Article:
University is always going to be at least partially a financial decision both for prospective students and their parents, or whoever they rely on financially. Calculating the rising total bill for tuition fees and cost of living for a degree course can make university seem like an impossibility for some. But it’s essential that all involved carry out proper research into the cost of higher education before making a decision about the future, rather than letting sensationalist reporting in the media surrounding student debt scare them away.
Firstly, it’s crucial to remember that the cost of higher education never needs to be paid all in one go. Once a university place has been secured, tuition fees are paid automatically by the Student Loans Company for those who have taken out a student loan, and loans are also available for living costs.
Importantly, no student will need to start repaying their loan until the April after they graduate at the very earliest. Even then, only those students earning above £25,000 per year will be required to start making payments (the threshold has been increased from £21,000 to £25,000 in April 2018). Under the system, a graduate pays 9% of everything they earn annually over the £25,000 threshold. Someone earning £26,000 would therefore pay 9% of £1,000, or £90 over a whole year.
If a graduate’s earnings drop below the threshold or they find themselves out of work, the payments stop automatically. As student loan repayments are collected through your salary, you don’t have to worry about making them on time or debt collectors chasing you.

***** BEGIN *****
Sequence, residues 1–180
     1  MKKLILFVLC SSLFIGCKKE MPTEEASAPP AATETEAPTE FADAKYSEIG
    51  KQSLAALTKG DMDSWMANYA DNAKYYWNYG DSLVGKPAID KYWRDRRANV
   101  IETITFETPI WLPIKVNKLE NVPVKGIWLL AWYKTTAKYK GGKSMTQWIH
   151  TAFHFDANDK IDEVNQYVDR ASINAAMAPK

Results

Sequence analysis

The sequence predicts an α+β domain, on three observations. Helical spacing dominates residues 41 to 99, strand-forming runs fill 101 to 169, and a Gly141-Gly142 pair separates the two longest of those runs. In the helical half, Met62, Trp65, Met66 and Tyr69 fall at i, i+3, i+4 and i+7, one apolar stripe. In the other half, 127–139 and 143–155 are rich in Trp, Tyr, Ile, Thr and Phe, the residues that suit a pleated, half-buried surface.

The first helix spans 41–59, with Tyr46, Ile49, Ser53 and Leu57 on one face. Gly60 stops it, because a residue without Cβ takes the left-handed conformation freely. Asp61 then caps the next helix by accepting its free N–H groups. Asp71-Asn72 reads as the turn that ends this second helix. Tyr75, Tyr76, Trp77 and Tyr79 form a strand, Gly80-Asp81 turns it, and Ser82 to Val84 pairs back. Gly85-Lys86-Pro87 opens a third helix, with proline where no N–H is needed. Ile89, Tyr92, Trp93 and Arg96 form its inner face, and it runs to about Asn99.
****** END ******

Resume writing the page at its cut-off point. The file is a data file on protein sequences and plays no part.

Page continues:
It’s important to remember that this isn’t something to feel ashamed or worried about: the system has been designed to ensure only those who can afford to pay back their student debt after graduating will be required to do so. If you still have outstanding student debt thirty years after graduating, this will be cleared no matter how much you still owe. As such, it’s expected that most graduates won’t repay their entire loan plus interest within thirty years.
A student loan is not the same as a bank loan, and as such doesn’t appear on your credit file. The amount you owe in student loan repayments will therefore not impact upon your ability to apply for other types of loans or credit cards when you graduate. The only time it may potentially come into play is in mortgage applications, where your take-home income is considered in assessing whether you can afford repayments on your home.
These are just some of the points which warrant consideration before making a decision about going to university. Each prospective student and the people they rely on financially will have individual circumstances to consider. The most important thing to remember therefore is to do your own research and make an informed decision about the financial facts and myths surrounding higher education.